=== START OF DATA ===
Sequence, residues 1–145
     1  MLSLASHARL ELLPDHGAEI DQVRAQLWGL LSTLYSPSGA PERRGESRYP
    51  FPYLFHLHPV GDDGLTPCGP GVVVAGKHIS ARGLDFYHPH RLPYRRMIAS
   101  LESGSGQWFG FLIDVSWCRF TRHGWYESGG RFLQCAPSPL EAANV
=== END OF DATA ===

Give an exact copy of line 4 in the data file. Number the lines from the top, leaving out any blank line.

   101  LESGSGQWFG FLIDVSWCRF TRHGWYESGG RFLQCAPSPL EAANV